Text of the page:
Patrick Haughey

Jun 17, 1888

Born in Montreal, Quebec to John and Rebecca Haughey


Nov 6, 1914

Attested into the 21st Battalion in Kingston, Ontario 

Ø      Number 59438 (temporary number 768)

Ø      Next of kin given as Mrs. John Haughey, mother, 257 Hibernia Rd., Montreal, Quebec

Ø      Previous occupation given as Labourer

Ø      No previous military experience given

Ø      Religion given as Roman Catholic

Ø      Assigned to “G” Company

o       This was later reorganized into “D” Company 

The battalion trained in the Kingston area through the winter with headquarters in the Kingston Armouries


Feb 26, 1915

Fined $6.00 and sentenced to 5 days detention for Drunkenness


Apr 10, 1915

Sentenced to 15 days Detention for an unspecified offence




May 6, 1915

Embarked the RMS Metagama in Montreal, Quebec


May 15, 1915

Disembarked in Devonport, England and the battalion proceeded to the West Sandling Camp, near Hythe, Kent to continue training


Jul 18, 1915

Reported to be AWL (Absent Without Leave)


Jul 21, 1915

Reported for duty and sentenced to forfeit 4 day’s pay and restricted to half pay for 1 month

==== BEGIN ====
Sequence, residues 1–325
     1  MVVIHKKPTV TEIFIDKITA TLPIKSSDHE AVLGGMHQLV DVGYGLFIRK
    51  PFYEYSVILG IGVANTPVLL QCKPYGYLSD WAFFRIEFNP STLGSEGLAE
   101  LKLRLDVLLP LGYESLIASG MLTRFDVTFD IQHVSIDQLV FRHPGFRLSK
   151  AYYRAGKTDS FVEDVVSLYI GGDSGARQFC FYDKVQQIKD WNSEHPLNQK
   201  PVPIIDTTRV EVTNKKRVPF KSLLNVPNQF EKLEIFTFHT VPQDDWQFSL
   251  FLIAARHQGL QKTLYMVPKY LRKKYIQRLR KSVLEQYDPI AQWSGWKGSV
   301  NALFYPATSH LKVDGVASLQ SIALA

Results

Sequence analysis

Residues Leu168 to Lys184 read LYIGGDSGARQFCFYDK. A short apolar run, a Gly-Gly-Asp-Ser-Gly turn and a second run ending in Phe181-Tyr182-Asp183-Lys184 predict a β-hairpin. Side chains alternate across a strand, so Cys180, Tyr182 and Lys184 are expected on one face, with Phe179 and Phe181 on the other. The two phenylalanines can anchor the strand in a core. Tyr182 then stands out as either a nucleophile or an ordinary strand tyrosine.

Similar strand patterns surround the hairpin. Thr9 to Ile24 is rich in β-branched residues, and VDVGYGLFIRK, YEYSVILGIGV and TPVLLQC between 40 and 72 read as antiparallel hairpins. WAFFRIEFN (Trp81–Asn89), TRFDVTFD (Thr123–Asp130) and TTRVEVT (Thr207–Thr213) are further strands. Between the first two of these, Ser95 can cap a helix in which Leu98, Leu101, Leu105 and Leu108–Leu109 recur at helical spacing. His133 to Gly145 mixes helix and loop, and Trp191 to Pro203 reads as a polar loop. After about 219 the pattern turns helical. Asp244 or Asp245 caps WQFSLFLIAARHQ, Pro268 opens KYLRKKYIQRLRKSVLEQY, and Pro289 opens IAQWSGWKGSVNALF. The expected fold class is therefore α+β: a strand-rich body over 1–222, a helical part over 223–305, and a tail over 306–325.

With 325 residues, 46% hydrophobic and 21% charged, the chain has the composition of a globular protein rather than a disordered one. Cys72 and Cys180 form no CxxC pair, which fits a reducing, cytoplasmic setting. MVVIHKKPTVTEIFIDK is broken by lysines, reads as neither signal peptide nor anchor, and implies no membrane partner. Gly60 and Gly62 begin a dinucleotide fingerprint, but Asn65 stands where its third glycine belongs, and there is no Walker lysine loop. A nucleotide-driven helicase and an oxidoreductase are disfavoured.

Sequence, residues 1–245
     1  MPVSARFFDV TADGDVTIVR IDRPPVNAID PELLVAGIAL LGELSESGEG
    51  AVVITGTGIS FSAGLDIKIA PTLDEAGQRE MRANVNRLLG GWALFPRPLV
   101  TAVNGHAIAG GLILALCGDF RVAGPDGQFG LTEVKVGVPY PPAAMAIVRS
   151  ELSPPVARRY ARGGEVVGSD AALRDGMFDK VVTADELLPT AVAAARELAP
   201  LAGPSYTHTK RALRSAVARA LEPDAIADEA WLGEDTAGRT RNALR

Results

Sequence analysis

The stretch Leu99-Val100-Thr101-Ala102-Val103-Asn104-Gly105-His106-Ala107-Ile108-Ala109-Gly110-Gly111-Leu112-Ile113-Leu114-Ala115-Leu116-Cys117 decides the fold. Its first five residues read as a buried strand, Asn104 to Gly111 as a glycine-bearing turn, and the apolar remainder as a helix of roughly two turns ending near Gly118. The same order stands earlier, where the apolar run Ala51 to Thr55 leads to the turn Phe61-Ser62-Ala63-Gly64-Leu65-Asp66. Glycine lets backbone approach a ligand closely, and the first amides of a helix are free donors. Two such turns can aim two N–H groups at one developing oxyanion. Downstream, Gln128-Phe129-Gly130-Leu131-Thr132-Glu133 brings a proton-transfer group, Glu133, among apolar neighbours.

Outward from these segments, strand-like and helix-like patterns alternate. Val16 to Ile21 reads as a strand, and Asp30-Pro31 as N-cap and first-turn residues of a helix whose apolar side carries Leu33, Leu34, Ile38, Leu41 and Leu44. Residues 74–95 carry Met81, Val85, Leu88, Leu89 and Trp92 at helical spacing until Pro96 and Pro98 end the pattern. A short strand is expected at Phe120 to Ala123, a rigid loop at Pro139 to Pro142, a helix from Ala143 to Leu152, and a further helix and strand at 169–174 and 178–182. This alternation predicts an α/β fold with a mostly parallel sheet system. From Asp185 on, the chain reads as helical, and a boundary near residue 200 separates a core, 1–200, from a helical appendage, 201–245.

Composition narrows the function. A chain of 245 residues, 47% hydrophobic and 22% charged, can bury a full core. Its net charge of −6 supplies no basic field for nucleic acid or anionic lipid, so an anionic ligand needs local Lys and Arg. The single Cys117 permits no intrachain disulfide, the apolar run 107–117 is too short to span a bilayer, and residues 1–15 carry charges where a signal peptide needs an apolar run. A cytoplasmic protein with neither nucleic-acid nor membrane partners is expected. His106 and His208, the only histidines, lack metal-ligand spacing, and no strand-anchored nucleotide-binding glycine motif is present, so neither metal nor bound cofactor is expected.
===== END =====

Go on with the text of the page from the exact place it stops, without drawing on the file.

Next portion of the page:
Aug 31, 1915

Reported to be AWL


Sep 1, 1915

Reported for duty and sentenced to forfeit 2 day’s pay, 28 days Detention and restricted to half pay for 2 months for being drunk and absent


Sep 14, 1915

Embarked the St. Seiriol in Folkestone


Sep 15, 1915

Disembarked in Boulogne, France and the battalion proceeded to St. Omer


Dec 13, 1915

Sentenced to 7 days Field Punishment #1 for being absent from camp when required for fatigue duty


Feb 29, 1916

Fined $5.00 and sentenced to 14 days extra fatigue duty being drunk while on active service


May 5, 1916

Sentenced to 28 days Field Punishment #1 for absence from billets and parade


May 20, 1916

His field punishment was reduced by 14 days for “Meritorious Conduct and Bravery at St. Eloi


Jul 3, 1916

Sentenced to 14 days Field Punishment #1 for being AWL and forfeited 2 days pay for his absence


Jul 15, 1916

Forfeited 1 day’s pay for absence


Sep 15, 1916

During the battalion’s advance on the sugar refinery near Courcelette, Private Haughey was killed and subsequently buried in a nearby field by his comrades.  Following the war the Imperial War Graves Commission could not locate his grave, and is now honoured on the Canadian National Vimy Memorial in Vimy Ridge, France, for those who were killed in France and have no known grave.

Following the war the 1914-15 Star, British War Medal, Victory Medal, Plaque (Dead Man’s Penny), Scroll and Memorial Cross were sent to his mother, Mrs. Rebecca Haughey, 257 Hibernia Rd., Point St. Charles, Montreal, Quebec


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